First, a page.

12 Psychological Tricks of Restaurant Menus

by Gary Cooper3 Min Read

Have you ever looked at a menu and became absolutely entranced? The food selection may look so good that you don’t even look at the prices. That is exactly what is engineered to happen. A staggering amount of time and research goes into the creation of restaurant menus, and it isn’t just about aesthetics. Here are just a few ways that restaurants can enhance their menu using simple psychological tricks that add up to big bucks.

1. Less Is More

A well-designed menu will have a limited choice in each category. Studies have proven that the more options you give consumers, the more anxiety they feel. Keeping it simple will entice them to choose more quickly.

2. Nested Pricing

On older menus, you will see the line of dots leading to the end of the page where the price is located. This actually allows a customer to choose the cheapest option easily. Instead, successful restaurants now use nested pricing, where the price is directly after the item description. This puts the guest’s focus on the item rather than comparing prices.

3. Get Rid of Dollar Signs

Dollar signs on prices subconsciously remind the guest they are spending money. Instead of listing an item for “$12.00,” leave it at “12,” which puts the focus back on the food, rather than the price.

4. Using Negative Space

Our eyes are naturally drawn to areas of negative space, or where items are outlined. Put pricier items in a box or within a large negative space. Using this design tactic will draw a guest’s gaze and make it more likely that the high-value item is ordered.

5. Upper Right Is King

The upper right-hand corner of any menu is where you want your most sought-after items. People expect appetizers, soups, and salads to be on the top left. When a patron is hungry, they will automatically gravitate towards the upper right. Restaurants can use this to their advantage.

6. Decoy Items

Restaurants will often place an expensive decoy item next to others to make the other options look like a bargain. Not many people will order a $100 Wagyu filet, but it sure makes the $60 rib eye look more reasonable.

7. Description Means Quality

The better a restaurant describes an item, the better guests report the food tasting. Words can have an enormous impact in how a customer perceives a dining experience. Chocolate cake described as “Velvet Chocolate Cake” automatically increases desire for the item.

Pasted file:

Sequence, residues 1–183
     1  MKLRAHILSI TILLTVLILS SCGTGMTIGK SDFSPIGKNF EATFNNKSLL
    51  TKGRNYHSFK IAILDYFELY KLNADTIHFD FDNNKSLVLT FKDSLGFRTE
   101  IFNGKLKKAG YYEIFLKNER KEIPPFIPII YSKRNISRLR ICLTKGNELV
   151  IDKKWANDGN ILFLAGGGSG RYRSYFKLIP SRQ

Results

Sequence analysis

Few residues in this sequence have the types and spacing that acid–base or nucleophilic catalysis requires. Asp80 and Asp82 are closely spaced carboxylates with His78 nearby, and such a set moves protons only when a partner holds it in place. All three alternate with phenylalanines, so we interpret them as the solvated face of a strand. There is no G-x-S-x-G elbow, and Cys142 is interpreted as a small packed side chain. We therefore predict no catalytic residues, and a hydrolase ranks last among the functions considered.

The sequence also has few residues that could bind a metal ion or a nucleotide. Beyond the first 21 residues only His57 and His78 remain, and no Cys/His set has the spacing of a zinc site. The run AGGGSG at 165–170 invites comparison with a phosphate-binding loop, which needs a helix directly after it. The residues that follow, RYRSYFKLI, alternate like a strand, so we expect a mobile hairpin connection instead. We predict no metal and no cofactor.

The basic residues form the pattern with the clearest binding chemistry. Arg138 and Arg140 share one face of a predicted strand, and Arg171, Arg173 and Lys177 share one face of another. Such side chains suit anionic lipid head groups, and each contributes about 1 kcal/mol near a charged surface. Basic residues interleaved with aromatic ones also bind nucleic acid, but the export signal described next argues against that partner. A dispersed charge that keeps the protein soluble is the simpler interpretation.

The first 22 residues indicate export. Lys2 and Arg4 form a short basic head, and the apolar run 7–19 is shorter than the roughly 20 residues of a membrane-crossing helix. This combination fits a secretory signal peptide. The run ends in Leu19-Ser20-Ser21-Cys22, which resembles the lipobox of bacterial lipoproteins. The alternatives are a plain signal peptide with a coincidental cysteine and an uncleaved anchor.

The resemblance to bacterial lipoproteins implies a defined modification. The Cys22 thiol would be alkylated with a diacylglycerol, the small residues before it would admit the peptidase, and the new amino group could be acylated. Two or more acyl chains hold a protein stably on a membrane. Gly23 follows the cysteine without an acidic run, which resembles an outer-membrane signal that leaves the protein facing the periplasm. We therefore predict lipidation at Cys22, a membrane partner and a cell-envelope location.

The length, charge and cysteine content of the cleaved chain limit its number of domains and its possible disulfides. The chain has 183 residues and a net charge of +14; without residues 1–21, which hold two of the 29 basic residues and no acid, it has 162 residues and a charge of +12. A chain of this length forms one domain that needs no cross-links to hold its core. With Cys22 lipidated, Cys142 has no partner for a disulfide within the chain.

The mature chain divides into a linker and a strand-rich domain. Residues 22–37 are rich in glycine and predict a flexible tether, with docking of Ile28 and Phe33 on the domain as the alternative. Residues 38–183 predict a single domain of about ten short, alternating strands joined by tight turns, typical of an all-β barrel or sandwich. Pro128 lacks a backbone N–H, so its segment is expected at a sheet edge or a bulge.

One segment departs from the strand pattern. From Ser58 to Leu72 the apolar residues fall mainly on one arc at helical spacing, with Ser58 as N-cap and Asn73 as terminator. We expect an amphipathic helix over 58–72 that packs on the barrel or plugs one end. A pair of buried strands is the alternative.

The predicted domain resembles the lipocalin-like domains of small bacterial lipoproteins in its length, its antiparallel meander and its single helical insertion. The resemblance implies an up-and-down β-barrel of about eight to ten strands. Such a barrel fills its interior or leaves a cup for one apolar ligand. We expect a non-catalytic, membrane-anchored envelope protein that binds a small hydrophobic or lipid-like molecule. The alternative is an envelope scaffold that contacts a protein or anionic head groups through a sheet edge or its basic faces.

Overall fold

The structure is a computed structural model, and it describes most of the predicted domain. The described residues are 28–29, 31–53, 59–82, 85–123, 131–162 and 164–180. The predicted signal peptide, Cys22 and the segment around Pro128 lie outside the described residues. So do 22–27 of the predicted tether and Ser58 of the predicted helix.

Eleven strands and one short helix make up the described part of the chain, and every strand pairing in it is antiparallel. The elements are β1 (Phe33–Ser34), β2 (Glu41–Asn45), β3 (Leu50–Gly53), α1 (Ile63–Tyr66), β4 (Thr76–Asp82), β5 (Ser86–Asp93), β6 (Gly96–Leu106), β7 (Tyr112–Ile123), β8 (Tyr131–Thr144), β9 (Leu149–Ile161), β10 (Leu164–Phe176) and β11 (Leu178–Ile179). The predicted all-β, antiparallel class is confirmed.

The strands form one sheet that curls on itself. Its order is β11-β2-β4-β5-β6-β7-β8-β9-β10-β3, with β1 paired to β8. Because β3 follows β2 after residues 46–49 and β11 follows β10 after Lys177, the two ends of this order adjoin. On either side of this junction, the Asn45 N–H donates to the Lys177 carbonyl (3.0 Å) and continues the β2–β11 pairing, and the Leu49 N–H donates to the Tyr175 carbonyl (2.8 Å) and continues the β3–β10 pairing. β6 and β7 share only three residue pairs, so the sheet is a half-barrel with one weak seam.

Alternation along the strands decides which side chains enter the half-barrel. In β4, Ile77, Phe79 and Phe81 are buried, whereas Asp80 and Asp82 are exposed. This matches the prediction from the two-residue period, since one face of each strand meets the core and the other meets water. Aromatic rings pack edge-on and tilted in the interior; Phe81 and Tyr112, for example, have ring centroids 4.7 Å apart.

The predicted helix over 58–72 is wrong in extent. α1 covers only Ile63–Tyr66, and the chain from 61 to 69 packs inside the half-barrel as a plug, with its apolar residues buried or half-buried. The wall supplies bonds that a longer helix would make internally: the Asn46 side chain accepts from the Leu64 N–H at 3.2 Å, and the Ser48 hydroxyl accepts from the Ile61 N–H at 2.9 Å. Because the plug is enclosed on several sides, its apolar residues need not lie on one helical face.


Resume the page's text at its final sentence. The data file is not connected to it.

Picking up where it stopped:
8. Family Memories

A popular psychological trick is to invoke feelings of nostalgia when naming an item on the menu. Customers may be more likely to order “Grandma’s Chicken Pot Pie” rather than “Joe’s Pot Pie,” only because it reminds them of a warm childhood memory.

9. Language Tricks

Using cultural words for specific dishes can make them seem of higher quality. For example, naming a dish “Blanco Queso y Carne” sounds much more appetizing than “White Cheese with Meat.” Taking the time to embrace the culture of a restaurant can certainly have a big pay off.

10. Wine Markup

Generally, most people don’t want to spend an arm and a leg on wine when they dine out. However, they don’t want to seem like a cheapskate either. Marking up the second least expensive wine is common practice in many restaurants. This allows the customer to feel as if they are getting a higher-quality product and the business achieves higher margin on their wine.

11. Secret Serving Sizes

Many restaurants keep their serving sizes a secret. When they offer a half or lunch-sized portion, it is kept intentionally vague. The half-sized is typically marked up slightly to entice a customer to order the full portion.

12. Highlighted Specials

When there is a particular dish that a restaurant is pushing to sell, it helps to have it highlighted as such, with a lot of negative space, as mentioned above. There may be a more in-depth item description that can help push higher-value items.

As you can see, there are a few small tricks that any restaurant can implement to provide a higher margin on food and drink, while increasing customer satisfaction.

Gary Cooper

Gary Cooper

@DotItNation | LinkedIn | Website

Gary Cooper is the President of Dot It Restaurant Fulfillment, a specialized restaurant distributor offering custom print products such as menus and menu boards to restaurants.

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